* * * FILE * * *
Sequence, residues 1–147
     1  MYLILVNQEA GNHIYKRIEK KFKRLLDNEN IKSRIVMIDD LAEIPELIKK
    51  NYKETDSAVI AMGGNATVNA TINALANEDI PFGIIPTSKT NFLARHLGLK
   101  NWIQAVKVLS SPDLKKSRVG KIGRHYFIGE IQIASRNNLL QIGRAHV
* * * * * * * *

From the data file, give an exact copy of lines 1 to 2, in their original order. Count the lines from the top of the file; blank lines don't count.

Sequence, residues 1–147
     1  MYLILVNQEA GNHIYKRIEK KFKRLLDNEN IKSRIVMIDD LAEIPELIKK